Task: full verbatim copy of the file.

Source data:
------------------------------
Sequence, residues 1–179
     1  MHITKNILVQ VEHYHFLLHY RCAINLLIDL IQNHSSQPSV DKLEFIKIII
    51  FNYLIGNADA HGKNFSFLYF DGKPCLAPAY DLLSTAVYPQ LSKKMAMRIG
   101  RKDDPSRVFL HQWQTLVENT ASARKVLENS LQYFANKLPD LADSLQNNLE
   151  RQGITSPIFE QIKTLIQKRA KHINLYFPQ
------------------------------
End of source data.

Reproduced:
Sequence, residues 1–179
     1  MHITKNILVQ VEHYHFLLHY RCAINLLIDL IQNHSSQPSV DKLEFIKIII
    51  FNYLIGNADA HGKNFSFLYF DGKPCLAPAY DLLSTAVYPQ LSKKMAMRIG
   101  RKDDPSRVFL HQWQTLVENT ASARKVLENS LQYFANKLPD LADSLQNNLE
   151  RQGITSPIFE QIKTLIQKRA KHINLYFPQ